There’s a new beta of Parallels Desktop for Mac – the virtualisation software that lets you run other operating systems in a window on your Mac. Follow the link to see a whole host of nice new features.

For example, you can resize the Parallels window and it just tells Windows to change to the right resolution. Very nice.

And there’s also the ‘coherence’ mode, which is a bit like a full-screen mode but with the background taken away, so you can see and interact with your Windows windows alongside your Mac ones:

parallels coherence mode

And you can simply drag files from the Finder into your Windows world, which is very convenient. When I tried to go the other way, Windows blue-screened and then rebooted inside the window – remember, this is still a beta.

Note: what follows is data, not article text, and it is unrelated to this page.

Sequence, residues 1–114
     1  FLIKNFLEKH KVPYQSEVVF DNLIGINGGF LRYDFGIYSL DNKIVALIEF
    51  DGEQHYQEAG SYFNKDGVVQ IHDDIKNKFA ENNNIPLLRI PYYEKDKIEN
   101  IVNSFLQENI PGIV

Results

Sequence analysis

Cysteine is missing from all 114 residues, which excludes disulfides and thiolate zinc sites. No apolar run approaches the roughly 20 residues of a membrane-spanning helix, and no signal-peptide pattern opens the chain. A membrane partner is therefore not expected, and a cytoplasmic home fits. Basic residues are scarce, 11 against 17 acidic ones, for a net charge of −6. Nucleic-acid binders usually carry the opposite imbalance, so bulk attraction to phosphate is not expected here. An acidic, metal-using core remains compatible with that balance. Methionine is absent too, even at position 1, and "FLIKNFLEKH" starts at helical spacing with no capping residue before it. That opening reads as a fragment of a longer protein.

One thing that virtualisation has really brought home to me is just how little I need Windows. I installed Parallels when it first came out, had a quick check of my web sites to make sure they looked OK under IE, and then shut it down again. Since then I’ve run Ubuntu in a window many times, but I have only started up Windows for two reasons: to upgrade the firmware on my Blackberry, and to upgrade the firmware on my Nokia E61. There are Mac applications for normal interactions with these devices, but not for the low-level grungy stuff.

All of which makes me think that it may be virtualisation, rather than Netscape, that really fulfils Marc Andreessen’s 1995 prophecy about Windows being reduced to a “poorly debugged set of device drivers”.

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